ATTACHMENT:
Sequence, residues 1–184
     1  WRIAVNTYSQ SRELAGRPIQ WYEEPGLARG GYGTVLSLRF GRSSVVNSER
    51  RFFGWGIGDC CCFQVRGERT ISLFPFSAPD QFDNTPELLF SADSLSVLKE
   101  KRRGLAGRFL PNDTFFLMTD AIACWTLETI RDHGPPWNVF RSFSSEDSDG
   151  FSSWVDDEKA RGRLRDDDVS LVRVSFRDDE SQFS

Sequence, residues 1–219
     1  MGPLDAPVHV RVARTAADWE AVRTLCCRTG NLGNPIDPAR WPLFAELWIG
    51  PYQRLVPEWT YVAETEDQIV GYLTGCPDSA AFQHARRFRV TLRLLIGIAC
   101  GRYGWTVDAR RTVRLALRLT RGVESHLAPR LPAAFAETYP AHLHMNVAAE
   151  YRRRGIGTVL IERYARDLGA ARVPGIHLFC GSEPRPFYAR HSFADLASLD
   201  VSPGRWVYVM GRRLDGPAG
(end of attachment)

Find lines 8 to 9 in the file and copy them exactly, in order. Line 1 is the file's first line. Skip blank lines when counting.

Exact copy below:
    51  PYQRLVPEWT YVAETEDQIV GYLTGCPDSA AFQHARRFRV TLRLLIGIAC
   101  GRYGWTVDAR RTVRLALRLT RGVESHLAPR LPAAFAETYP AHLHMNVAAE